EXCLUSIVE: Exactly twenty years ago, Adrian Smith released his final album before stepping back into Iron Maiden. Slipping out on 24th November 1997, Psycho Motel's 'Welcome To The World' came and went without much fanfare, overshadowed by the guitarist's activities at the time when he reunited with Bruce Dickinson. With the pair soon returning to Iron Maiden, the story of Psycho Motel's somewhat forgotten final release has never been fully told - until now. We sat down with vocalist Andy Makin for an in-depth insight into the sessions, how the Iron Maiden reunion was on the cards even then, and how the band folded. Checking in; Eamon O’Neill.
Hi Andy, it’s been twenty years since ‘Welcome To The World’ was released; how does that make you feel?
I spoke to Adrian about it in May in Cardiff, funny enough [when Iron Maiden were playing as part of their ‘The Book Of Souls’ tour], and he was aware of it as well. We both sort of looked at each other and went; “Oh god, twenty years!” He has lots of those sorts of landmarks anyway, so for him, I guess, they’re less of an event.
Going right back to the start, how did you come to work with Adrian and Psycho Motel?
They put an advert in Kerrang! which said; “Singer wanted, 18 – 25”. It said they had a record deal, and they had management. I was in a little band at the time, and we’d just done a demo, and I though; “Oh, I’ll give it a try and see what happens”, and sent it in and forgot about it. About a month later, I got home, and my Mrs said; “Oh, some bloke called Adrian has phoned about this band that you send a demo to. He’s going to be calling back at 5pm”. I was very dismissive, and then Adrian rang. I obviously didn’t recognise his voice, and he was just chatting away, and then he said, very humbly; “I don’t know if you know the band I was in, but I was in Iron Maiden”.
Up until that point you had no idea that it was Adrian Smith that you were auditioning for?
Yeah, and at that moment, my jaw dropped, literally. He said; “I really liked the demo that you sent, and I want to get you down and maybe do an audition”. So he continued; “I’ll send you out the first Psycho Motel album; just pick a couple of songs off it, and we’ll be in touch.”
Were you a fan of Iron Maiden?
I’ve never really said to Adrian, but I was a massive Maiden fan, and still am. I was a huge Maiden fan, but I thought - I think, correctly - not to go that sort of, effusive nerd that wanted to jump out from me an just ask him a million questions and be all fanboy, especially if I was going to be a peer. So I never mentioned it, and still haven’t.
Was that difficult to contain!?
Well, when we first started writing for the Psycho album, he had a massive poster in his studio which was the Donington ’88 poster, with Maiden and Kiss, and all that. And I was there at that gig; I was sixteen at the time, and that was my first big Donington moment. You can’t say that to the guy when you’re sat next to him and he’s just made you a cup of tea, and you’re writing a tune. The first metal album that I ever bought was ‘Killers’, and one of my favourite guitar solos of all time is ‘Prodigal Son’.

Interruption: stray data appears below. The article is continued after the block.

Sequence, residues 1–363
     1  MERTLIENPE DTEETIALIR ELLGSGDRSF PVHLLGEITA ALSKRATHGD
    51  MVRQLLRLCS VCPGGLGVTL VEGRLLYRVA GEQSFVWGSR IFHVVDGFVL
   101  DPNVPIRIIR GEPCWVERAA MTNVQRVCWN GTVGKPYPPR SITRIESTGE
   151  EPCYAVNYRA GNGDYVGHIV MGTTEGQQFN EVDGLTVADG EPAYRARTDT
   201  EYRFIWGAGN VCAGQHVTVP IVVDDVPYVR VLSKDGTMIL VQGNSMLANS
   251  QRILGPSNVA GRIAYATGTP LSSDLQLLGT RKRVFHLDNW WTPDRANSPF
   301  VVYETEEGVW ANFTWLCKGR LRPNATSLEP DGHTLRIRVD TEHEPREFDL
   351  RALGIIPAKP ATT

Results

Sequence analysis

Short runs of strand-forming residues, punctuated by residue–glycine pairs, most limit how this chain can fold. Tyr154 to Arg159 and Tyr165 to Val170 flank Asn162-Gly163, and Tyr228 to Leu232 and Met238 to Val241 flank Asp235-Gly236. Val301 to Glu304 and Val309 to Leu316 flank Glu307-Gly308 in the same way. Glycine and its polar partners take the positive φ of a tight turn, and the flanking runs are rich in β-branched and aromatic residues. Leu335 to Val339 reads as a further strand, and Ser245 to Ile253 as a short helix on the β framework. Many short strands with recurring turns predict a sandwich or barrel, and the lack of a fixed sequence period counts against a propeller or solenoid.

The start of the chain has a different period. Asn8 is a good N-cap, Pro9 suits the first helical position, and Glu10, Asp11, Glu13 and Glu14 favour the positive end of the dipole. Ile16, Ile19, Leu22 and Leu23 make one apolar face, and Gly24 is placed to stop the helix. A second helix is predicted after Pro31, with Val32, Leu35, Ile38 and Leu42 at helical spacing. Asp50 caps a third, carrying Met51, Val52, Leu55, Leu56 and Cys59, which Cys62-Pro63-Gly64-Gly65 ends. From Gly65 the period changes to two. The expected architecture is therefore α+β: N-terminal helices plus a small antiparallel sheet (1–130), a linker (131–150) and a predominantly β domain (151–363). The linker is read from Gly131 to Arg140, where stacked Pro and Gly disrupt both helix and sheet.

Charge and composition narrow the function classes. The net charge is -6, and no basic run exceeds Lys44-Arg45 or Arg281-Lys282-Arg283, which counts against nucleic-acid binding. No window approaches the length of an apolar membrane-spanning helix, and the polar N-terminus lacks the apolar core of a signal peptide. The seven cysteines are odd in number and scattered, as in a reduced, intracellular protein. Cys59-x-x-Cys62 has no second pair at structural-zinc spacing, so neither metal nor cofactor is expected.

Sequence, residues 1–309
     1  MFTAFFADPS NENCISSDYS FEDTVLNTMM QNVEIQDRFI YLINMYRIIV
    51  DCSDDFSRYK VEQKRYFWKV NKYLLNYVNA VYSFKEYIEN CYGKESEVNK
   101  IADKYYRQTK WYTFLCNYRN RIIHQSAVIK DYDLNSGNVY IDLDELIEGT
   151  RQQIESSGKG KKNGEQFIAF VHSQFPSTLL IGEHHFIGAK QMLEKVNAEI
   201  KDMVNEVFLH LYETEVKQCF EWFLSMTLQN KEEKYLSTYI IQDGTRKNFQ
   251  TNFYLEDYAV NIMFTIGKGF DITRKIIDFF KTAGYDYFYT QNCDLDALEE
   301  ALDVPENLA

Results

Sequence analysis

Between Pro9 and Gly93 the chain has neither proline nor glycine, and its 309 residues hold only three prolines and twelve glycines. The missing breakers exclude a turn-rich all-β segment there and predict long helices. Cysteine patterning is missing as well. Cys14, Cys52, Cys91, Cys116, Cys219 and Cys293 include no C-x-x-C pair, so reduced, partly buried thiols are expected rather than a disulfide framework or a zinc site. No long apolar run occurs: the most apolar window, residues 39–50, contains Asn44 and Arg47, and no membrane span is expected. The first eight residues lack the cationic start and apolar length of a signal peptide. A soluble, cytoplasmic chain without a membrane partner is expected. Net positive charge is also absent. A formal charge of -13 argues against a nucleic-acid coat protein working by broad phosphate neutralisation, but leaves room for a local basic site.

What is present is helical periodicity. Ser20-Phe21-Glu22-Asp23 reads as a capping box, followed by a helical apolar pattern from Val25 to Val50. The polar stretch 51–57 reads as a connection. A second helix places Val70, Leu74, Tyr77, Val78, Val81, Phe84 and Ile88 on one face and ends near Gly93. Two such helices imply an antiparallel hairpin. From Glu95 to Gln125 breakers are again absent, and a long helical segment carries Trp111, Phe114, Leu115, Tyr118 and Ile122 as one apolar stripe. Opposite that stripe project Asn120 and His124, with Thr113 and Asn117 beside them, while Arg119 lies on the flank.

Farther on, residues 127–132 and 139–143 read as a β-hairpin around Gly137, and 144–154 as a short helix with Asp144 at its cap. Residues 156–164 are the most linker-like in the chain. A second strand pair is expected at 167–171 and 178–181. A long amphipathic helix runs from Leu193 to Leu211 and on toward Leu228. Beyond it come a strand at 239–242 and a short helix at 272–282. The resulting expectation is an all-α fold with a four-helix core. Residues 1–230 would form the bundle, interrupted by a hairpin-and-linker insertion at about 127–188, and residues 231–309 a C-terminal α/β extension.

Back to that phone call, and what happened next?
Two days later I got the CD in the post. I put it on, and my heart just dropped, because it was Solli [vocalist on debut ‘State Of Mind’], and Solli’s got a great kind of Robert Plant voice, and it was all high notes. I could see there was a bluesy, Hendrix type vibe, and I was listening to Machine Head, and Sepultura and stuff like that. And I thought; “I can’t sing this stuff”, so I rewrote the melodies, because I just couldn’t sing that high, and I just couldn’t do them justice.
What do you remember about the day of the audition?
I turned up early, and it was me against another forty other people. I was the only one who looked out of place. I had combat trousers, a scruffy leather jacket, and really long, unkempt hair. The queues going into the auditions were like big, blonde haired dudes with skin-tight jeans.
And what happened as you went in to do your audition?
We all met, and Adrian said; “What songs have you learned”, and I said I’d learned them all, and he said; “Pick one –I don’t mind”. So we did ‘Killing Time’, I think, and I did a bar of it, and you could see him looking confused, and I thought I’d blown it. But then he started singing the harmony to it, and I thought; "We might have something here." We did about three of four numbers, and the next thing I know – because he doesn’t really give much away – he went out and he came back in with his wife Natalie, and Tony Metcalf, who was a manager in Sanctuary at the time, and they gave me this little mock interview; sort of real Gestapo, shine a light on me kind of thing! And then he said; “I want you to come back to my house and record a couple of demos, if you don’t mind”. Ok, fine!
So were you in, at that point?
It came down to me and another guy, in the end. I thought I’d done well. I’d recorded ‘Rain’, and one other track, and they asked me if I wanted to stay over. But I drove home thinking; “Have I got it?”, because it went really well, we got on really well, he was my kind of guy – matey straight away – so I liked him a lot. Two weeks went by, and as you can imagine, it was absolute hell thinking; “Have I got this or not?” And then he rang up and said; “I’m sorry it’s taken so long, but it’s between you and another guy”. I can’t remember his name, but all I know is he was Irish.
Was there a final audition process?